Was Jim Lehrer a Replacement Moderator?

As televised Presidential debates go, it’s pretty clear that Romney trounced Obama. If you disagree, listen to Chris Mathews and the rest of the liberal MSNBC fan club. He and the rest of the Obama groupies were fuming after the debate. Choking back tears of frustration, Mathews demolished the President’s performance with a ferocity beyond anything he had to offer the Republican primary candidates after their debates last spring.

But that’s a matter of performance, of campaign optics and body language, things that matter in an election, but should not matter in an election. Instead, let’s take a look at how Jim Lehrer performed. Football fans have been focused in recent weeks on the importance of refereeing in the NFL. Poorly managed games lead to illegitimate results. Poor refereeing made for more entertaining programming, but also less serious outcomes. It might be fun to see what ridiculous thing will be called on the field, but it ultimately degrades the game, on many levels.

And so we have Jim Lehrer, an experienced and admirable journalist, one with few living equals, but who none the less was caught flat-footed, either intentionally or accidentally, and allowed a basic and important civic event to descend into post-modern spectacle.

Like referees overseeing a game, the debate moderator is present to be our, the audience’s, inside man. He’s there, on the ground, with eyes, ears, and most importantly, a voice. He enforces the rules of the engagement not arbitrarily, but for a purpose. In football, that purpose is to tell us who was the better team on the field that day. In presidential debates, the purpose is to help inform us who will be a better leader for the country. The worse the moderator, the more skewed the results, and the less helpful the debate ends up being.

As I mentioned above, just because Romney “won” the debate does not mean he would be a better president. But that’s in large part because presidential debates are so mismanaged that their results can’t be trusted. Just like poor refereeing would have led us to believe that Seattle was a better team than Green Bay, poor debate moderating would lead us to believe that Romney is the better candidate, even if that’s not actually the case.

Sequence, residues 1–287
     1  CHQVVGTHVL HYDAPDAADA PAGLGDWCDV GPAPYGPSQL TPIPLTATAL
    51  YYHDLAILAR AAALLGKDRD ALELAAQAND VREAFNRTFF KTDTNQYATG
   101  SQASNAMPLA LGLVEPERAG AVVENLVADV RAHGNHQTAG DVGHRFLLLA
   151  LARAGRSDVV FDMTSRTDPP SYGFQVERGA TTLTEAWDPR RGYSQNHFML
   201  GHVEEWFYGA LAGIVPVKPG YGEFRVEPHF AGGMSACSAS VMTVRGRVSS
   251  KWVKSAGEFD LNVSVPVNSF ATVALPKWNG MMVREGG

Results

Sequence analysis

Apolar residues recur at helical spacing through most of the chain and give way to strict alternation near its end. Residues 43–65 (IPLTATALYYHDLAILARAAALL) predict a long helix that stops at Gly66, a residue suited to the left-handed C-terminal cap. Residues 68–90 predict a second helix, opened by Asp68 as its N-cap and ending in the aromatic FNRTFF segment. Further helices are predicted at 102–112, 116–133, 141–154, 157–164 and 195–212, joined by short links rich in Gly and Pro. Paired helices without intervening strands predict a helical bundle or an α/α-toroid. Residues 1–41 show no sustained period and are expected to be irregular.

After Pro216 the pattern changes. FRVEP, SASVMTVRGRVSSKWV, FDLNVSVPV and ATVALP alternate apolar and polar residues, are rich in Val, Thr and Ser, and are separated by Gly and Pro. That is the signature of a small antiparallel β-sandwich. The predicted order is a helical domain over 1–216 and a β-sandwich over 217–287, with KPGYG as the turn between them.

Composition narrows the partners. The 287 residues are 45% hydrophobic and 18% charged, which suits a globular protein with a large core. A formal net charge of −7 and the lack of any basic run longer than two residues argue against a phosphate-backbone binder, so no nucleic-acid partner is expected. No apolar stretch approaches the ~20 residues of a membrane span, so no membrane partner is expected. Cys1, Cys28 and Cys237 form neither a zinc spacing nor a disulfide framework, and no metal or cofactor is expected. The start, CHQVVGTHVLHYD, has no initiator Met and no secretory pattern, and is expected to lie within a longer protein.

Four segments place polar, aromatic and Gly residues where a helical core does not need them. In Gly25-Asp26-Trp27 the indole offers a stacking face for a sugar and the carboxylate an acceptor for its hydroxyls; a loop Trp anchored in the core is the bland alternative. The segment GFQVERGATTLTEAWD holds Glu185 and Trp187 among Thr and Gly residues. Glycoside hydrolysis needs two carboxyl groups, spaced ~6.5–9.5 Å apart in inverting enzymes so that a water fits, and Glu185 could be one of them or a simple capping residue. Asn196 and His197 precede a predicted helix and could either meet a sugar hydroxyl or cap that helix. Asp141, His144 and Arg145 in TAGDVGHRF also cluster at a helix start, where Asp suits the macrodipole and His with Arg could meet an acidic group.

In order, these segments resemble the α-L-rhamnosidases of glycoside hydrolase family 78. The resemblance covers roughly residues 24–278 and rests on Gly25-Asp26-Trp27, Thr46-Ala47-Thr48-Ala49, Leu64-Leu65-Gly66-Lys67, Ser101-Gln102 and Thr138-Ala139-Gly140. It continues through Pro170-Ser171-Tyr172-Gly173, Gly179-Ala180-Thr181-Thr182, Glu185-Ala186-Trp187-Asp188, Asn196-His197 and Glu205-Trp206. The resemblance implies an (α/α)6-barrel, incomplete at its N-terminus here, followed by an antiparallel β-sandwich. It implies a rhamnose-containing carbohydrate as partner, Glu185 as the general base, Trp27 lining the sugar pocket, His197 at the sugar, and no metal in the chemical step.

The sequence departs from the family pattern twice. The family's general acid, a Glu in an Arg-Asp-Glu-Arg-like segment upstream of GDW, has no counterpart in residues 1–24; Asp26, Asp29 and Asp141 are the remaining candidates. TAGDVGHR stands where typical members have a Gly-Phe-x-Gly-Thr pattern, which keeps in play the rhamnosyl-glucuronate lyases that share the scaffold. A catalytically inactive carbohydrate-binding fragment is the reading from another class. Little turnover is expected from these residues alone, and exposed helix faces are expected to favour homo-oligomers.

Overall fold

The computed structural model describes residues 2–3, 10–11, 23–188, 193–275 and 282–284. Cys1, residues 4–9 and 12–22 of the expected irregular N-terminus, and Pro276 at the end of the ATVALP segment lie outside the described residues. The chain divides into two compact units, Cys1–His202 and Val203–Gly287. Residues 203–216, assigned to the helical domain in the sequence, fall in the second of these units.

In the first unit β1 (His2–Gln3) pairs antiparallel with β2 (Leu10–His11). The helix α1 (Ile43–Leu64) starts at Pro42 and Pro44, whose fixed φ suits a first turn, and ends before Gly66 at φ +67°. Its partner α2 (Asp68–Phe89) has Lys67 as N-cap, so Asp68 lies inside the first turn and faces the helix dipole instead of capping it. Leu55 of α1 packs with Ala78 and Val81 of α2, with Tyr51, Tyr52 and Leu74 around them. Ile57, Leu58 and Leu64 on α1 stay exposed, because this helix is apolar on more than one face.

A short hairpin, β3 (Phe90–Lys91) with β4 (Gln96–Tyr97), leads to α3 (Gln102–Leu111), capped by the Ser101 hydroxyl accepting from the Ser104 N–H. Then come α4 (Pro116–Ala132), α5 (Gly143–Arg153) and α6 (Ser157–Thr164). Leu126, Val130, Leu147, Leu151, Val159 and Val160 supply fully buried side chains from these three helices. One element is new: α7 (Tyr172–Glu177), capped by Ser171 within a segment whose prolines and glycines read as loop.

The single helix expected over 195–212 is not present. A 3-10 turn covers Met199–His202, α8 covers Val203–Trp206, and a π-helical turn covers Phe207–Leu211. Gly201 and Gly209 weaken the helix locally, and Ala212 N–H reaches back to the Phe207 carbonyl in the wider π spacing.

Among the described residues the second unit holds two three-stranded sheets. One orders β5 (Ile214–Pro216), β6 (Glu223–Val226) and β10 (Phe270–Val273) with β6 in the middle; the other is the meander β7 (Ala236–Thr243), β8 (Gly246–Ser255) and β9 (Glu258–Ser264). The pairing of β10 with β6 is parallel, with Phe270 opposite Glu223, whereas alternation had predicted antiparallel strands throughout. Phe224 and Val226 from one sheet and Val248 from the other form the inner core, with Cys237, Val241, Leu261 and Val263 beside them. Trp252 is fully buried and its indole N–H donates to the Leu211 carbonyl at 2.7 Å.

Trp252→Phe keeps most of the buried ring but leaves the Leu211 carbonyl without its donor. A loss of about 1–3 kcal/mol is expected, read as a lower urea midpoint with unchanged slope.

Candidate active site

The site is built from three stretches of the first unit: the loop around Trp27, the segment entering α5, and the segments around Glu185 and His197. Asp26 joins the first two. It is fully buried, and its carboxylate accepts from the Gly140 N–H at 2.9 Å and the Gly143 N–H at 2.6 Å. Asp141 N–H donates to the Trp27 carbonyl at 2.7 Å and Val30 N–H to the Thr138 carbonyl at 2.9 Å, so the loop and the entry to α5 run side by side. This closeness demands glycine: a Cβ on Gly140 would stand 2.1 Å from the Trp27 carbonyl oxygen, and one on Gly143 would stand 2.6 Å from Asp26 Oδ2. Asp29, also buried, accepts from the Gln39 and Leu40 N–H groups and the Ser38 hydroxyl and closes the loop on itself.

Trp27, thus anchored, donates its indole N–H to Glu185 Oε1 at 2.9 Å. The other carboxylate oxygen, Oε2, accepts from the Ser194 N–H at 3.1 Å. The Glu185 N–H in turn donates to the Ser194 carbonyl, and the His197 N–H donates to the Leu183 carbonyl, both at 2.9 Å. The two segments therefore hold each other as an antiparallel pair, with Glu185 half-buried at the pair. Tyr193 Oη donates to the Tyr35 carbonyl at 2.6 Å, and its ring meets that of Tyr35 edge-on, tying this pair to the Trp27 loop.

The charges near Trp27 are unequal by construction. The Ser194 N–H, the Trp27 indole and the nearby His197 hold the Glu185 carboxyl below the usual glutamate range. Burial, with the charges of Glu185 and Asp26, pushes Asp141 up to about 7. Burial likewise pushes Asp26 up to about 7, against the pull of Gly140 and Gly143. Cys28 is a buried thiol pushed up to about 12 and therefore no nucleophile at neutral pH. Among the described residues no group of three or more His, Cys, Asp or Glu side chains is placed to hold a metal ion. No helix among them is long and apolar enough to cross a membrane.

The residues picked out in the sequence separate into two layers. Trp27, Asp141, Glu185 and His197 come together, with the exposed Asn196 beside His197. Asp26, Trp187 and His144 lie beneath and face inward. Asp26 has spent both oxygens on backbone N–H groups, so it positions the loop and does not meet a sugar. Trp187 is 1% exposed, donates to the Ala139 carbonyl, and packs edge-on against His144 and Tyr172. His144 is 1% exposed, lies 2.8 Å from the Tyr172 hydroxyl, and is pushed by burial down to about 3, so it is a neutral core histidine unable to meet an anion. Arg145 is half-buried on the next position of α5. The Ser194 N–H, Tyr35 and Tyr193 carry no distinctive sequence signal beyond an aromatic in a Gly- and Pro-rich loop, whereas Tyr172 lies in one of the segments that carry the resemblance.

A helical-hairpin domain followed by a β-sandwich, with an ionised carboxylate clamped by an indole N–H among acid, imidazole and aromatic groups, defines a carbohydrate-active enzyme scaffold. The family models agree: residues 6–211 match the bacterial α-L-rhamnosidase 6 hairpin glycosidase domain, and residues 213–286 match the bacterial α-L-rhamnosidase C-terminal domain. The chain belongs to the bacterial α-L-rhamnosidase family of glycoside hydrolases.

To clarify, I’m not saying that Romney isn’t the better candidate, even though I think he’s not, and I’m not saying that a perfectly moderated debate would make it perfectly clear who the better candidate in fact was. What I’m saying is that a better moderated debate helps lead us to the truth, and toward a better informed decision, rather than what we got, which was a debate that had more in common with Hobb’s State of Nature than Kant’s Kingdom of Ends.

What follows will be some choice examples.

Lehrer began the debate by saying he had made the final selections for his questions without prior approval from anyone else. This would be good to know—if he had actually planned on asking any of them.

Two big questions confronted the candidates going into last night.

For Romney this question was: what exactly is your plan? How, specifically, do you actually plan on cutting taxes, preserving Medicare, and still bringing down the deficit?

For Obama, the question was: you’ve had four years to rescue the economy, but it hasn’t happened. If you want to stay on the same path for the next four years, why will anything be different? What about your plan that hasn’t worked so far, will magically start working after January?

Both of the candidates got through the debate without having to really come to terms with either of these questions.